This card linked coin has two sides however. One side is the ability to make the choice of payment card irrelevant, the retailer the focus. The other side is to make the choice of retail loyalty program irrelevant, the payment card brands the focus.
We believe there is the opportunity for banks to become the loyalty aggregator for their customers. Invite them to register all their loyalty program accounts and link them to the cards they have from you. Enrol retailers in your program so data exchange can then ensure members receive points when they do business with the retailer without carrying a separate loyalty card. Banks see all transactions so can manage this process without involving the payments schemes if they would like to do it themselves, or they can collaborate with loyalty vendors with relationships in place.
For customers, the bank app becomes central to their loyalty life, the place to look up point balances, scan for the best loyalty offers across their ‘self-curated’ loyalty eco-system. A place to sign up for new programs, take up O2O offers and all without the need to share my credit card number with anyone else (my bank already knows it).
For retailers, scan rates increase, existing budget (not additional money) is better invested, program enrolments increase as the effort involved to sign-up in new programs is trivial.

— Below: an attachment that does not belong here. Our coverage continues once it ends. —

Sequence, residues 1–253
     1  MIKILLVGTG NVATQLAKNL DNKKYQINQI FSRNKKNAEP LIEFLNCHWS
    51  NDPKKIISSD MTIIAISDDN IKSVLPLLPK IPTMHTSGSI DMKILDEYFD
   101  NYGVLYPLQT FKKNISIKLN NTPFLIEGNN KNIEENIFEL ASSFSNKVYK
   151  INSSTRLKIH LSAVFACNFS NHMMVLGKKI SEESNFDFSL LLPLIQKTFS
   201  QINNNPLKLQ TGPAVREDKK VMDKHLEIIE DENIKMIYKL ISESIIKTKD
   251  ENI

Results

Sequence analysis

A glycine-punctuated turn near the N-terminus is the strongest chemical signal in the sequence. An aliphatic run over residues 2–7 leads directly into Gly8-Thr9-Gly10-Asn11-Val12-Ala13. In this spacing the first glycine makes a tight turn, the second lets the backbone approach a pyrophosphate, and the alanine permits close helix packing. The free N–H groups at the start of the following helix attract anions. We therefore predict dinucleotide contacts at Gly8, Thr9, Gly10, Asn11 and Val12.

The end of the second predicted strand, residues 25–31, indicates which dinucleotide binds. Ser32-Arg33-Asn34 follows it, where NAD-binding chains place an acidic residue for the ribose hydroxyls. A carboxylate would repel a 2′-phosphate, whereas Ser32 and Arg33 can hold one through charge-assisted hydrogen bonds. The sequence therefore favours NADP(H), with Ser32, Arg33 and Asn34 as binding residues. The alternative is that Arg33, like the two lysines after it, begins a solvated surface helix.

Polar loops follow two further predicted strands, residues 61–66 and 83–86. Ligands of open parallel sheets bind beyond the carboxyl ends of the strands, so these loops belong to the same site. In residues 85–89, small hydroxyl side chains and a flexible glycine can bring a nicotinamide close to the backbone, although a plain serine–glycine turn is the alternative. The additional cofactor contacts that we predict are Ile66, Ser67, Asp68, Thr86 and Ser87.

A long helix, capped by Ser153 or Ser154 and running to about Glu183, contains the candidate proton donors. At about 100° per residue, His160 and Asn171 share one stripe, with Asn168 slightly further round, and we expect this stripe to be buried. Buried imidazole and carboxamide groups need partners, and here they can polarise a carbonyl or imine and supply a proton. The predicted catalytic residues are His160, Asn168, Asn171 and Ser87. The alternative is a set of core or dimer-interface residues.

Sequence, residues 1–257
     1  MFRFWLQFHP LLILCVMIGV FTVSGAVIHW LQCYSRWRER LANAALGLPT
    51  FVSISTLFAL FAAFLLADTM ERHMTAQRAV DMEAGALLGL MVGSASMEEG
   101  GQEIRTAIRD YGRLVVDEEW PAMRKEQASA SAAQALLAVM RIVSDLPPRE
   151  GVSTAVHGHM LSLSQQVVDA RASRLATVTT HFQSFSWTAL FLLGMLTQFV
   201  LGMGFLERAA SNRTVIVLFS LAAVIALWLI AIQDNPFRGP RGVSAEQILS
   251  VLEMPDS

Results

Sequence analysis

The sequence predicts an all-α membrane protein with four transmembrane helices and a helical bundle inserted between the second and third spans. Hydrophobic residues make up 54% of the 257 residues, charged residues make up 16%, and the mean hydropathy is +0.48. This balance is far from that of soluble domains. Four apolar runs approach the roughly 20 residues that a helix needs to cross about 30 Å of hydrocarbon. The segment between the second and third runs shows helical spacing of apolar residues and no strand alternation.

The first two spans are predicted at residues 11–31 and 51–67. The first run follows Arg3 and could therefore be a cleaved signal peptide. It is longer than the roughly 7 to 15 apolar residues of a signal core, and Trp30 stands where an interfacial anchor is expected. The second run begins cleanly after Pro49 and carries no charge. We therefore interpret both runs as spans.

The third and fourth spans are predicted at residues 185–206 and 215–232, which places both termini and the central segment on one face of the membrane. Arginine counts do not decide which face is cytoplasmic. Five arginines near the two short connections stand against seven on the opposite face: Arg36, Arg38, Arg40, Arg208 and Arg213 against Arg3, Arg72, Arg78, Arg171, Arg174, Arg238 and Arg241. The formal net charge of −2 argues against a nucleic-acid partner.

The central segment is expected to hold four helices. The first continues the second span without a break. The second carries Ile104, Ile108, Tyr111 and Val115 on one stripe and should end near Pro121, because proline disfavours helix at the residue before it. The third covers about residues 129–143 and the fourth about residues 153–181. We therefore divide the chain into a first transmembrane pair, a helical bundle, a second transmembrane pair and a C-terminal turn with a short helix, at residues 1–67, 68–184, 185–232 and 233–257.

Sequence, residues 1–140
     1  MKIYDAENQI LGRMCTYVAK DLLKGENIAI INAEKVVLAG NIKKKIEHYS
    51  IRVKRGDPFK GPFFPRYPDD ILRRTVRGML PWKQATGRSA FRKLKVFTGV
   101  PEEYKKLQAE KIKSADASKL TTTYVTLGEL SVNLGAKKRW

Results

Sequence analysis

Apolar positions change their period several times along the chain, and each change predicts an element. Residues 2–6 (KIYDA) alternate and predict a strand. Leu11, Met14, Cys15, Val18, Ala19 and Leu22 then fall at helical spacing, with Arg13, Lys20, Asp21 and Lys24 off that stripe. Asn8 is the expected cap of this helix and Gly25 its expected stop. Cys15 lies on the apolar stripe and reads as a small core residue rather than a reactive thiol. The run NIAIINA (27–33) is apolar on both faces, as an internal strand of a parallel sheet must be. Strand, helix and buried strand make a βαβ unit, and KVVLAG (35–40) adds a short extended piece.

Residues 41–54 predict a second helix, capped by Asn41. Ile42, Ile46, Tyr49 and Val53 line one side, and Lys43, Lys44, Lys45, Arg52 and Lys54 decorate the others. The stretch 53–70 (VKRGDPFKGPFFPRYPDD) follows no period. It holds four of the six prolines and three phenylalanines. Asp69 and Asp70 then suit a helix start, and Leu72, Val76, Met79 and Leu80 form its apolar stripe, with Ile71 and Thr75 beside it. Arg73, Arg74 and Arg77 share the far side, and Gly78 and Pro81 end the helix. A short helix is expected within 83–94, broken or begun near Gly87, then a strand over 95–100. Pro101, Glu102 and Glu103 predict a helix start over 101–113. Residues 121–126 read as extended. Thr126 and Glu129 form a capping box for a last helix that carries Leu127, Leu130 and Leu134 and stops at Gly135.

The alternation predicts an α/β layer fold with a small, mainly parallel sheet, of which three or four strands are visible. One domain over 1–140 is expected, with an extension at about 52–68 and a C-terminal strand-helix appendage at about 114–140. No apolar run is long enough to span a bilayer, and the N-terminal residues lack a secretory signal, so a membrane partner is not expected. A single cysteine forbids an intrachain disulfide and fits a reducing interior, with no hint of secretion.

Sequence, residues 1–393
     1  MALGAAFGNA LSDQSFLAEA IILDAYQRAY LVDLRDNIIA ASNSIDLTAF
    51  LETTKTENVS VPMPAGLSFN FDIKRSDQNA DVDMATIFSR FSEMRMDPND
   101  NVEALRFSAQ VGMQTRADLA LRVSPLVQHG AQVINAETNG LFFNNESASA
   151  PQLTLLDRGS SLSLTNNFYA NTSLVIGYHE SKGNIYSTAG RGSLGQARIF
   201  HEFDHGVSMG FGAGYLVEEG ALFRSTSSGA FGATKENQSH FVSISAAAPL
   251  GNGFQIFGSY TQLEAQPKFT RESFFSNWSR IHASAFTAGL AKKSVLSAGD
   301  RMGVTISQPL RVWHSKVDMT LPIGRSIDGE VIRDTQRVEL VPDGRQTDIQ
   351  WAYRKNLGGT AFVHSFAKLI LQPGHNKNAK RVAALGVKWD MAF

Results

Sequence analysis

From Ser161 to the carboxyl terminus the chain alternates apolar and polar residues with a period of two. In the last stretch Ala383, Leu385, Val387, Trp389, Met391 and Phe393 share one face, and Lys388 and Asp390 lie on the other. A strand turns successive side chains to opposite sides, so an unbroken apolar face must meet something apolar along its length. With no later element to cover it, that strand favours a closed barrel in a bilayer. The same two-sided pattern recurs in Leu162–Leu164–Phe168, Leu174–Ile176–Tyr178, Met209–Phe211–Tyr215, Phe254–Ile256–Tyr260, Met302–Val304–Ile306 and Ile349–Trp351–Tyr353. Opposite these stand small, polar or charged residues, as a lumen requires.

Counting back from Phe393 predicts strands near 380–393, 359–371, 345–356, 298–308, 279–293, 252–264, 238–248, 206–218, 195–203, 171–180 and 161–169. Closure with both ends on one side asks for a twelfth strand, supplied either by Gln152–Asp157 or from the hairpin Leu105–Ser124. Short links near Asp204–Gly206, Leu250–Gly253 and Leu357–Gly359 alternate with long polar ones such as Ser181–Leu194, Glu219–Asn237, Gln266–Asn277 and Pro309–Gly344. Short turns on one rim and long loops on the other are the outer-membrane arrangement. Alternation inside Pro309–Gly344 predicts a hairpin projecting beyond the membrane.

For banks, they can offer services to customers that are not transactional or transparently self-interested, while giving customers compelling reasons to make their cards the everyday spending cards; use our cards and you will not miss your points.
Banks could also conclude that their proprietary programs are not rich enough to influence customer behaviour directly anymore, but they may be an attractive ‘top-up’ opportunity for members who are actively collecting points in richer retailer programs. Allowing customers to convert value from banks’ proprietary programs to retailers’ programs (with the bank effectively buying points in retailer programs of their choice as the bank’s contribution to loyalty) is a low risk offer once the bank is established at the centre of the customer’s loyalty universe.
The two sides to the card-linked ‘coin’ are not mutually exclusive, but there will be a first mover advantage no matter which way the coin falls.
Either way, the effort required to maximise return from loyalty programs will decrease for consumers.
This article was originally published here as a white paper by Ellipsis & Co. Ellipsis is a sponsor of The Wise Marketer.